I’ve made a practice, lately, of creating little round maps, spending an hour each day as a break from commissions. There’s a practical reason: I want to provide good, simple models for my workshop attendees (one–the subject of my last post–late next month at the C Gallery in the Santa Barbara wine country, and a couple of autumn workshops in my Connecticut studio). Beyond this initial reason, however, I’ve really enjoyed these projects–it’s rejuvenating to try new stuff! I’m reminded of my first (unpaid, of course) cartographic efforts, years ago, when everything was new and I was screwing up right and left. I’d forgotten the carefree fun of making mistakes, then learning from them–in my professional work, of course, I wisely avoid mistakes. All my commissioned maps are painted on big canvases (like 3 x 4′), but these little experiments are drawn in ink on beautiful colored Canson art paper, a 10″ circle within a 12″ square, perfect for popping into an inexpensive, ready-made 12″ frame. I love this tobacco shade, but others await me–violet, chamois, amber, terracotta. You know how much I love round maps, and especially radial maps built around a central point. The central point here is our house, a 19th century school building my architect husband, Duncan Milne, recycled for us to live in. We moved here because we loved the house, the historic nature of the town, and the prospect of walking to local destinations. Note our town seal, which I’ve used instead of a compass rose–here’s to you, Durham, CT, and your agricultural heritage!3 Comments »
Posts Tagged ‘The C Gallery’
Wouldn’t you like to spend a weekend of April 27-29th at a workshop retreat making a beautiful little map under my tutelage? Here’s the hook: the setting is the gorgeous wine country outside of Santa Barbara, California–if you haven’t seen it with your own eyes, you’ve seen it on the screen in the movie Sideways. Our host is gallery owner Connie Rohde of the C Gallery in Los Alamos, and here’s what she’s arranged: you’ll stay in at a secluded vineyard estate, taste wines, sample local (fabulous) cuisine, and visit the magnificent Rancho San Lorenzo for Sunday morning’s final session. For details, see Connie Rohde’s website description.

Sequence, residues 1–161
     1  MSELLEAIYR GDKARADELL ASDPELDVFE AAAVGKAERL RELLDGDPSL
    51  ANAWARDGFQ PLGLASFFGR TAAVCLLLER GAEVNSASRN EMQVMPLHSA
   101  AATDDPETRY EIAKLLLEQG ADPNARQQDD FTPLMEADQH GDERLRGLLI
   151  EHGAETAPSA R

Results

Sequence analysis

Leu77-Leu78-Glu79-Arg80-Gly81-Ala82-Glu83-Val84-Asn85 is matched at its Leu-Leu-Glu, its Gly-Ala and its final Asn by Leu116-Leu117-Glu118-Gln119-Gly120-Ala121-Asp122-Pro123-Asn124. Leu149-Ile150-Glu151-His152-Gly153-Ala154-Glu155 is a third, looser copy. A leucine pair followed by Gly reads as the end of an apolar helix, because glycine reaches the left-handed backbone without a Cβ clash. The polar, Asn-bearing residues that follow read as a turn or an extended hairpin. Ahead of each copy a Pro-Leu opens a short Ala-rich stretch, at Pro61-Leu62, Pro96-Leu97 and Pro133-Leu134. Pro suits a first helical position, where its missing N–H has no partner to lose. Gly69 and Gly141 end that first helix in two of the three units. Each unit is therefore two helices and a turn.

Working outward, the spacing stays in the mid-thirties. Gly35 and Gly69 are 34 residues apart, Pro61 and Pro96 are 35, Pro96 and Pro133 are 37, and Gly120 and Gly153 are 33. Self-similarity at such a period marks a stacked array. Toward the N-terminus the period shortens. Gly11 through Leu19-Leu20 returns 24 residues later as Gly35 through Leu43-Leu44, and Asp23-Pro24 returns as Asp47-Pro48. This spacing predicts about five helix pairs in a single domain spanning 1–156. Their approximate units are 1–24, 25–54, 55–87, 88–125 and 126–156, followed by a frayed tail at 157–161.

THE WORKSHOP ITSELF: You’ll create a round map showing a special place in your life, your daily life, a special event, a journey (real or spiritual), or a memory map of your childhood home. Or maybe you’d like to make a birthday map for somebody you love–maps make wonderful gifts. The circle, symbol of the world, infinity, Mother Earth, and sacred space, is the perfect shape for a personal, hand-executed map. Furthermore, the round map–especially one with a central, important location–easily lends itself to composition, a help for beginners. Working in pen or colored pencil on white or colored watercolor paper, you’ll make a 10″ circular map within a 12″ square, perfect for popping into a ready made 12″ square frame. I’ll give you all the techniques you need to finish this map and start new maps when you go home. You’ll get hooked!
Here’s a round map I made a couple of years ago as a gift for my son Andrew and his fiancee Andrea–they used it as the cover of their wedding invitation. The circle’s central point is WeatherLea Farm in northern Virginia, where the wedding took place (great place for a celebration: check it out). Because Andrew and Andrea live in DC, DC became the outer point of the radius, thus dictating the breadth of the map’s geography. With arrows pointing towards the farm, I indicated where family members were traveling from. There’s also an arrow indicating the direction from Ouagadougou, Burkina Faso, where the A’s met as Peace Corps volunteers. A simple map, but charged with meaning, and executed with love by this mapmaker. As for the sheep, I couldn’t resist them–they positively bleated for artistic rendering!